The manse was built in 1825, and is large and commodious. There are two small glebes, one adjoining the manse, of four English acres, of good and fertile soil, the other is contiguous to the ruins of an old kirk, called Noinikil (the cell or chapel of St Ninian) and consists of about an acre and a-half, in three different divisions, which are let by the minister to a tenant in the neighbourhood. How this glebe came to be so curtailed, cannot now be ascertained. There is no grass glebe, which is felt to be a serious inconvenience, but the ministers of Rosskeen seem to have disliked litigation, and to have submitted to privations, rather than claim, at the risk of an expensive law-suit, what was their undoubted right.

The stipend is 16 chalders, half meal, half barley, and L.10 for communion elements. An augmentation was given in 1822, during the life of the late incumbent, but it was less than it would otherwise have been, from the cry of agricultural distress so called, which was particularly loud and lugubrious, at the period referred to, whereas we have thought that a very simple remedy might be found for that distress, without injuring the tenantry, or curtailing the stipends of the clergy, and that is by lowering the rents, as has lately been done by a Noble proprietor in this parish. But 16 chalders in 1822, and for some years after, were equal to 24 chalders for the last two or three years, and we have been simple enough to suppose, that the low price of grain furnishes an argument for the increase of the number of bolls awarded to the clergy, whose stipends have been so greatly reduced of late. Divine service is conducted in English and Gaelic. The ministers in this part of the country lecture and preach in Gaelic, each Lord's day, and also preach regularly an English sermon, that is, three discourses each Sabbath, except for a part of the winter season, and yet we have cause to lament that real religion does not flourish, as might be expected where the truth is preached. The number of communicants is about 120. We have thus fewer communicants than our southern neighbours, but we are inclined to believe that we have both more religion, and more morality, and are more inclined to fear God, and honour the King, and less disposed to meddle with those who are given to change. But still,we must confess that there is a manifest departure, among all ranks, from that strictness and integrity, and genuine holiness, which in the olden time characterized the natives of our northern clime. We would pray for a revival of every corner of our land.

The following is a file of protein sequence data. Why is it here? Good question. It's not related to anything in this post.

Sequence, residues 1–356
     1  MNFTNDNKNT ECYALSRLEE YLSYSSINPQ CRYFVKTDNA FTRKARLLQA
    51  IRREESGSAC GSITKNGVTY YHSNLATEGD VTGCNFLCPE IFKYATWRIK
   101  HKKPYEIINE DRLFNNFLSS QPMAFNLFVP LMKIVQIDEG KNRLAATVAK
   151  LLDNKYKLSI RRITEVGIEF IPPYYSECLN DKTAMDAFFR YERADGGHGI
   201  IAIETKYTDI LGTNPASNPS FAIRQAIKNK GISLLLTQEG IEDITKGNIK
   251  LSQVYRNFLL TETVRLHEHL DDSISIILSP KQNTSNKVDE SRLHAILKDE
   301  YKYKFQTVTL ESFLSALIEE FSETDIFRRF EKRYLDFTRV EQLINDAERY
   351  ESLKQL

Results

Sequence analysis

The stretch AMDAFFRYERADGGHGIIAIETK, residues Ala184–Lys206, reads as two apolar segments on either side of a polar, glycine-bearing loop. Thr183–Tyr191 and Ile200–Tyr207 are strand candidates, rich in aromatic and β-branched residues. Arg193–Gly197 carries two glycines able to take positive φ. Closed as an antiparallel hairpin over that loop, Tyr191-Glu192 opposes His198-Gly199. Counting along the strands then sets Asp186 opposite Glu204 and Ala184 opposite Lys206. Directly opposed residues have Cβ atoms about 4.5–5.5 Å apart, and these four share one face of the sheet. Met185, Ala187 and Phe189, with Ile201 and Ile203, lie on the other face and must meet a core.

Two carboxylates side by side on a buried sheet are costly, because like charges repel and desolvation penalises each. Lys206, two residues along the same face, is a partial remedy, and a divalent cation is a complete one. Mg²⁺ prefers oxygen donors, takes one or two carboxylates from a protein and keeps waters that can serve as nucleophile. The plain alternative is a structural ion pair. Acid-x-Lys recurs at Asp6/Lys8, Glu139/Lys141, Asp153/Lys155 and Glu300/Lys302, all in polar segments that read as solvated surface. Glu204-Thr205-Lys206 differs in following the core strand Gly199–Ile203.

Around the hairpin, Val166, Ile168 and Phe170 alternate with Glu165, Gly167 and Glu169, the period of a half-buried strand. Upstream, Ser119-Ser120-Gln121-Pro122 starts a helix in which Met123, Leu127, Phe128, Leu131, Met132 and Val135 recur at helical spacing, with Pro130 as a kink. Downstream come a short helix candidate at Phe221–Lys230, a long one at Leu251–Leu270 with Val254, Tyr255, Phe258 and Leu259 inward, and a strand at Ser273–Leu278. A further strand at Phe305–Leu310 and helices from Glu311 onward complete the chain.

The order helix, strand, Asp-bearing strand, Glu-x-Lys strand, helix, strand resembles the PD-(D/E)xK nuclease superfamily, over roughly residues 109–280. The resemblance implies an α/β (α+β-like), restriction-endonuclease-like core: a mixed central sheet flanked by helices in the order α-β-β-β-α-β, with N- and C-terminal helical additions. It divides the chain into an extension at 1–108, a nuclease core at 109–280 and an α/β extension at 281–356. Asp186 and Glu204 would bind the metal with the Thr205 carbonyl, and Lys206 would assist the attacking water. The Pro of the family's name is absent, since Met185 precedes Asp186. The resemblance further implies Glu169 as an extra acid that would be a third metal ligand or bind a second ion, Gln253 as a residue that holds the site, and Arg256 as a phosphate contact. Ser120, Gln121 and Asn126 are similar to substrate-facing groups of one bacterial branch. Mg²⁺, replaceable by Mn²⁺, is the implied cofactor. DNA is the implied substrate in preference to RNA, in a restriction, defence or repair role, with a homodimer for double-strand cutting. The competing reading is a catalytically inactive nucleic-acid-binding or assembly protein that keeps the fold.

There is an Association for religious purposes in this parish, which since its establishment, about thirteen years ago, has given upwards of L.500 to various societies - Bible, Missionary, and Educational.

Succession of Ministers -It appears from the records of the presbytery of Tain, which commence in 1707, that the Episcopal incumbent of Rosskeen retained his living through the influence, as is supposed, of the Jacobitical gentry in the parish and neighbourhood. In the presbytery records there is not even an allusion to the parish of Rosskeen, until the death of the Episcopalian incumbent in 1714, and then the parish is noticed, and active exertions made to secure a pious and efficient minister. The person chosen was Mr Daniel Bethune, minister of Ardersier, who was inducted into Rosskeen, on the 23rd April 1717. He was a man eminently pious and successful in winning souls to Christ. He died the 16th March 1754. He was succeeded by his son, John Bethune, a man celebrated for his literary attainments, and honoured with the degree of D.D., a distinction which seldom falls to the lot of Highland clergymen, owing, we suppose, to their superior modesty and self-denial, rather than to their inferior attainments, or because their metropolitan brethren are more ready to monopolize these honours than to bestow them on those who, when out of sight, are out of mind, except when a vote to promote a party or partial object is required. We have seen two volumes of philosophical essays on various subjects by Dr Bethune.